If you practice a religion, take note of worship spaces, religious student life organizations, accommodations for religious holidays and dietary needs, and other markers of a welcoming environment for your faith.

Finding a college where you don’t have to hide or camouflage who you truly are should be a priority – a campus should feel like a place where you can thrive authentically.

Academics & Curriculum

At the end of the day, academics are the core purpose of attending college. That's why ensuring each school on your list can provide an educational experience tailored to your interests, strengths, and needs is paramount.

Start by confirming the availability of your intended major(s) and diving deep into the specific coursework and requirements for those programs. You'll want an academic path that naturally aligns with how you learn best and what genuinely fascinates you. Scan through course descriptions and try to gauge if the content, teaching approaches, and overall curriculum design seems like it will enable you to thrive.

Also pay close attention to any university-wide general education or core curriculum requirements. Some schools offer an open curriculum with few required classes, while others have a great number of core classes that all students need to take. These mandatory classes may span different subjects outside your major. For students, particular requirements like foreign language, math or science classes could be challenging and counterproductive hurdles. If you know that there are classes you would like to avoid, you may want to prioritize schools that make accommodations or have fewer such requirements.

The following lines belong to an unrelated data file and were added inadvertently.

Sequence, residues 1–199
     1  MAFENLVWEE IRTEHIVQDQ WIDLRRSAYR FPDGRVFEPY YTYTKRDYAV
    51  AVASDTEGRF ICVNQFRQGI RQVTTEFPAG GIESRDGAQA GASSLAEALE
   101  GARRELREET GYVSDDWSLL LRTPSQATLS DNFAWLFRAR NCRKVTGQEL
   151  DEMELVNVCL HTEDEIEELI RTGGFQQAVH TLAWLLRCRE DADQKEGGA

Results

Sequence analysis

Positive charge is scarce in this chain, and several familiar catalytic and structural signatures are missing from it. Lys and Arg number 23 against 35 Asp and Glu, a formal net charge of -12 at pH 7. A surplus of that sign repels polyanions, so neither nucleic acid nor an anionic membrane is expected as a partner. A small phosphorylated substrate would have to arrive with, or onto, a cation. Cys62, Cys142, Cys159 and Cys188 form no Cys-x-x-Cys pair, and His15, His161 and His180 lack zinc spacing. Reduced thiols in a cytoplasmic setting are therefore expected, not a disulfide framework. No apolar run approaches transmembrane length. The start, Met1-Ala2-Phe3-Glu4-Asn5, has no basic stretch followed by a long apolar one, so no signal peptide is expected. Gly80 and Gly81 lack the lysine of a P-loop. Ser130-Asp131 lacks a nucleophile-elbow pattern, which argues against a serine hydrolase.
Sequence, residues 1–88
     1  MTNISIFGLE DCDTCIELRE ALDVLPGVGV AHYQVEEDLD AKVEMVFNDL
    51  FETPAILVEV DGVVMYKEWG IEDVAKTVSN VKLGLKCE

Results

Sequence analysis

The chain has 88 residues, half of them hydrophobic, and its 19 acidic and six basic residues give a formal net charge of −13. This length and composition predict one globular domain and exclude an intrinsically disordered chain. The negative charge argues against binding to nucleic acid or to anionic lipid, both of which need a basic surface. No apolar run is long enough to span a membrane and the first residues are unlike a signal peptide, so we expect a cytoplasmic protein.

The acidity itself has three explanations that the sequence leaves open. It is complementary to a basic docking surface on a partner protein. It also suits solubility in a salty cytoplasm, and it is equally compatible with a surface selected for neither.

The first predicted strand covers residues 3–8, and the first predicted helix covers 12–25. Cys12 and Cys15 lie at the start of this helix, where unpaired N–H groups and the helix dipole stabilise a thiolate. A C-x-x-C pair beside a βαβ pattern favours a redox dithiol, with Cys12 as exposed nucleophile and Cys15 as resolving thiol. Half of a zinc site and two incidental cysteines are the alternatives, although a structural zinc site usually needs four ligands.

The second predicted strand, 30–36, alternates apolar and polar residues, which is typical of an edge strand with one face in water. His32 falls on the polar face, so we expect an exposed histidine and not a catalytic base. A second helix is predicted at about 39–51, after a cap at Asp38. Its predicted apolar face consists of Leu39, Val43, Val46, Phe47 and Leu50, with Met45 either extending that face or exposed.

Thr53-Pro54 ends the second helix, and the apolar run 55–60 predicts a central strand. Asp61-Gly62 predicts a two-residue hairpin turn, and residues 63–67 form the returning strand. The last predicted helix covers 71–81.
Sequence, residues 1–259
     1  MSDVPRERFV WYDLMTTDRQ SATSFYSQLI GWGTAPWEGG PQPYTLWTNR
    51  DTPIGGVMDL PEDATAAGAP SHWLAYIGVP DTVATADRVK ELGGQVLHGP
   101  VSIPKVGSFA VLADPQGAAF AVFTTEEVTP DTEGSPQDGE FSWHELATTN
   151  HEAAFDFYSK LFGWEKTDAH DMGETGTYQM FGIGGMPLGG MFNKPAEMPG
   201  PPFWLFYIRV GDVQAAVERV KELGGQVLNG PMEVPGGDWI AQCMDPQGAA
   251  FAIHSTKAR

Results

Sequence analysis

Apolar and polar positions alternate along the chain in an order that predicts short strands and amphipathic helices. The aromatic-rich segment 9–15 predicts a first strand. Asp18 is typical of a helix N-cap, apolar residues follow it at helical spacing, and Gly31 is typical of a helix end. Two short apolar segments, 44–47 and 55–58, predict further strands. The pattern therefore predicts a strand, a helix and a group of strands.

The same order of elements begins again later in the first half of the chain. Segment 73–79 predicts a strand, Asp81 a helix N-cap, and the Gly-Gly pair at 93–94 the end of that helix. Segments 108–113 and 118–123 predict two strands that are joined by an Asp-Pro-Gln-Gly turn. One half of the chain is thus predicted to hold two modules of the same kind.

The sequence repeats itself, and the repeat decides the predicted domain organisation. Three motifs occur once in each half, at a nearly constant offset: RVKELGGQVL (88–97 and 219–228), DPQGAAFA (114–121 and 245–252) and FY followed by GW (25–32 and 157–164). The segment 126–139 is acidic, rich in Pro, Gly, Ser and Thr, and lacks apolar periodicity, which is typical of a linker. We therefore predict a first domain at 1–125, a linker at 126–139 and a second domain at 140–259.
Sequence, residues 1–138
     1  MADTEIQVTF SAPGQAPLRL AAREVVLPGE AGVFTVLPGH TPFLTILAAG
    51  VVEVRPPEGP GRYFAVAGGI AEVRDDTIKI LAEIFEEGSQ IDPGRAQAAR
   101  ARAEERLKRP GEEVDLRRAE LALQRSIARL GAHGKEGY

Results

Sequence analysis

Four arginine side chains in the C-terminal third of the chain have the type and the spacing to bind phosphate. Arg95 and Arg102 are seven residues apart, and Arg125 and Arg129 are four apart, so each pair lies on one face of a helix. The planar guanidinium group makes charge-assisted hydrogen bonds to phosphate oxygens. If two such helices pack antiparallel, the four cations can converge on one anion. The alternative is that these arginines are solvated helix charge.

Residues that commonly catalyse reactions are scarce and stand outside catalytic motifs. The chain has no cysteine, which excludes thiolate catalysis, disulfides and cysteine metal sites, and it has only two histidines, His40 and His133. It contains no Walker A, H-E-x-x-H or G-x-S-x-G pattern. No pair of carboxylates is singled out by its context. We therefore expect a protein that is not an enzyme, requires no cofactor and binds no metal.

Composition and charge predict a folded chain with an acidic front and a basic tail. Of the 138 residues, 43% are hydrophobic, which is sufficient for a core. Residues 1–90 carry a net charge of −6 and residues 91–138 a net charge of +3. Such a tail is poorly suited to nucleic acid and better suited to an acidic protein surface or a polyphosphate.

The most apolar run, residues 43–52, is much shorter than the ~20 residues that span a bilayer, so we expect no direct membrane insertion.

The breadth of elective options and unique subject areas can also be a selling point. Maybe you have niche academic interests you're hoping to explore, like paleontology, farm ecology, or pharmaceutical science. Ensure your prospective schools have the variety to nurture and build on those passions too.

Cost & Affordability 

Your dream college may check every other box, but is it truly an option if the cost could bury you in insurmountable debt for years after graduating? As exciting as some schools may seem, it's crucial to carefully assess the full financial picture with a level head.